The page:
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UNHCR welcomes Mexico's reforms to protect rights of child refugees and asylum-seekers

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UNHCR welcomes Mexico's reforms to protect rights of child refugees and asylum-seekers

15 January 2021
A young girl cover her eyes with her hands
A young girl who fled with her mum to escape violence in Central America after arriving in Tapachula, Mexico.

UNHCR, the UN Refugee Agency, applauds the entry into force of important new measures in Mexico to protect the rights of child refugees and asylum-seekers, including the end of immigration detention for boys and girls.

Under the reforms, no children, either accompanied or unaccompanied, are to be held in immigration detention centres. Rather, they are to be referred to alternative accommodation. UNHCR is working with relevant government agencies, UN sister agencies and civil society organizations to ensure that referral mechanisms and adequate shelter capacity is in place.

“Mexico is making a decisive step to end immigration detention for children and we are encouraged by this promising development,” said UNHCR’s Assistant High Commissioner for Protection, Gillian Triggs. Triggs’ remarks came as part of an online discussion on “Children and the Global Compact on Refugees” held January 13.

UNHCR advocates globally for an end to immigration detention of refugee, asylum-seeking and migrant children.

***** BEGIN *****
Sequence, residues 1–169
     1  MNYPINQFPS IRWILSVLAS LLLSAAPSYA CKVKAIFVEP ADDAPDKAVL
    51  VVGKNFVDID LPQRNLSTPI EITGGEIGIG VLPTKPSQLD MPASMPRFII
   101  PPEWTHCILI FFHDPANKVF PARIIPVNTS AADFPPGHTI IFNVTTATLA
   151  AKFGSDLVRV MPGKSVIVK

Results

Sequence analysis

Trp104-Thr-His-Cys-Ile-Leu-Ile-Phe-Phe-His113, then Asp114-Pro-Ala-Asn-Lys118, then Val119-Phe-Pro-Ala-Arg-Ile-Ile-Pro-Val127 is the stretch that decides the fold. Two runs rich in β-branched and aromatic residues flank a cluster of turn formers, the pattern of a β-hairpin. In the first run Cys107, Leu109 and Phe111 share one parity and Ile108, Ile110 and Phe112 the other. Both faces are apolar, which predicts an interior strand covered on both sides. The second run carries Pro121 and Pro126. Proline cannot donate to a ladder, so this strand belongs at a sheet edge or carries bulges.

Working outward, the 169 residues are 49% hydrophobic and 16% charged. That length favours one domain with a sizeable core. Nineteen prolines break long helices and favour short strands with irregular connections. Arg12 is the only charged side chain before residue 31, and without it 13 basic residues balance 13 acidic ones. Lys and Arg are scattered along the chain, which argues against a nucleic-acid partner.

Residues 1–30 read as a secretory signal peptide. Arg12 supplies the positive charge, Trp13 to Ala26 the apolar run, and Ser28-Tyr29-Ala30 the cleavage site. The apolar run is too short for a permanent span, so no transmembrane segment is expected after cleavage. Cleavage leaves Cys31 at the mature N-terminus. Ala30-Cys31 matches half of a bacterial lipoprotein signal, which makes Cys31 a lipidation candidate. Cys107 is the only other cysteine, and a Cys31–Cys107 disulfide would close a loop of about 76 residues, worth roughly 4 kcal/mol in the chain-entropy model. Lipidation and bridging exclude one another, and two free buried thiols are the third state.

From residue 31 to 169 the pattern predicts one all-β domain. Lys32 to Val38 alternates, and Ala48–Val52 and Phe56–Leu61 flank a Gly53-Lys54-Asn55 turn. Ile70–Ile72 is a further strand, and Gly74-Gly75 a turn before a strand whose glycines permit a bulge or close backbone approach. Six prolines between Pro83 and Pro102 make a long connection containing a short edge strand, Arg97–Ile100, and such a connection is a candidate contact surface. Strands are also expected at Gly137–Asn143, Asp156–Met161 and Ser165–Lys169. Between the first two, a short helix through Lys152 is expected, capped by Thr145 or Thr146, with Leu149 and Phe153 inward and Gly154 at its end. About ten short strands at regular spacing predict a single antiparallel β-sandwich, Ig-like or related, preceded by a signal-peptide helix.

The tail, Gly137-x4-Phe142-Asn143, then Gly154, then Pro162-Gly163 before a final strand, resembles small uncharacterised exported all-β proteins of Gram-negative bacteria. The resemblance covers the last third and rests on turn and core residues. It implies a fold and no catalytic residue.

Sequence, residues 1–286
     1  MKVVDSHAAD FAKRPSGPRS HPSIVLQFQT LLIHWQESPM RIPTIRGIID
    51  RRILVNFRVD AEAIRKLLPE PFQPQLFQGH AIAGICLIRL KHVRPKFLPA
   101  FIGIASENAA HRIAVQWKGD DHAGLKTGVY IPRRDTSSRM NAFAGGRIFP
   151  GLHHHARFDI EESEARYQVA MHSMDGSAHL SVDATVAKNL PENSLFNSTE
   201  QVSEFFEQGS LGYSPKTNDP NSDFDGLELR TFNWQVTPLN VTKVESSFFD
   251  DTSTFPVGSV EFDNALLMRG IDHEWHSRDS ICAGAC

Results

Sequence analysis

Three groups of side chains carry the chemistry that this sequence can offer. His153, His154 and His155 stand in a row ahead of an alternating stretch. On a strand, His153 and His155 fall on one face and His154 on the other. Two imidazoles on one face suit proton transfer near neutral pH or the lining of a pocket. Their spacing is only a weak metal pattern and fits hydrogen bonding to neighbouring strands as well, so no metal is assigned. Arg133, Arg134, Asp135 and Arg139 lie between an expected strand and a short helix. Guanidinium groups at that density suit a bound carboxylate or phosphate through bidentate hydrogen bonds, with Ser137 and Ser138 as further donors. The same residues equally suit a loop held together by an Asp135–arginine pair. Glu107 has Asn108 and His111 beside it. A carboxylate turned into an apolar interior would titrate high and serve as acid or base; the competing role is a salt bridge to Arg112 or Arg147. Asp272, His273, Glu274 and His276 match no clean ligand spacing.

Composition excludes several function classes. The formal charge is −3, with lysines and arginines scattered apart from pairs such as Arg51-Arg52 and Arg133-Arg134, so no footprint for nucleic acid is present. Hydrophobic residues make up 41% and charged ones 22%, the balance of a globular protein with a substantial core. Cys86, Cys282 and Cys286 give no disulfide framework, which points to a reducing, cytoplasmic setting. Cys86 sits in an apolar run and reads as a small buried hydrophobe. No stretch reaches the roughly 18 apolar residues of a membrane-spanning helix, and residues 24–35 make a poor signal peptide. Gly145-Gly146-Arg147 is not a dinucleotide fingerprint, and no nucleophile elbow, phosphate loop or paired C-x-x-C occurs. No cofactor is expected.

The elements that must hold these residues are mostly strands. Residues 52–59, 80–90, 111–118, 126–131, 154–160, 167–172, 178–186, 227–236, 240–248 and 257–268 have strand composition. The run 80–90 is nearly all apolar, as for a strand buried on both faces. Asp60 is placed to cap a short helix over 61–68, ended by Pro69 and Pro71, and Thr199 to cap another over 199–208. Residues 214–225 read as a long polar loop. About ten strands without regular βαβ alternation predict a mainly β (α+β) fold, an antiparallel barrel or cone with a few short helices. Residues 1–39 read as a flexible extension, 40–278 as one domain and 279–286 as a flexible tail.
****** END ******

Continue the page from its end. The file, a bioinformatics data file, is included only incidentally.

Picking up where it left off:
Mexico’s Secretary of the Interior, Olga Sánchez Cordero, who participated on the panel, said that the measures to give priority to the best interests of children were part of the commitments made by the government of Mexico at the Global Refugee Forum, which took place in December 2019. “No child, accompanied or unaccompanied, is now present at our immigration facilities,” she declared.

The reforms approved in November apply to all children in migration contexts, whether they are accompanied or not. They also reinforce determination of the best interest of the child in migration procedures and make them eligible for temporary humanitarian visas to prevent deportation or return until their best interests can be determined, which facilitates access to international protection and the asylum system.

Mexico has become an increasingly important country of asylum in the past five years, with more than 70,000 asylum claims in 2019. Although claims dropped in 2020 as a result of mobility restrictions in neighbouring Central American countries due to COVID-19, asylum applications for December 2020 were at an all-time high. One out of five asylum-seekers in Mexico in 2020 were children. Throughout the pandemic, Mexico has continued to register new asylum claims from people fleeing violence and persecution, helping them find safety.

UNHCR reiterates its commitment to support the government of Mexico in implementing the reforms related to child refugees and asylum-seekers and highlight the importance of allocating the financial, human and technical resources to ensure their effective application.

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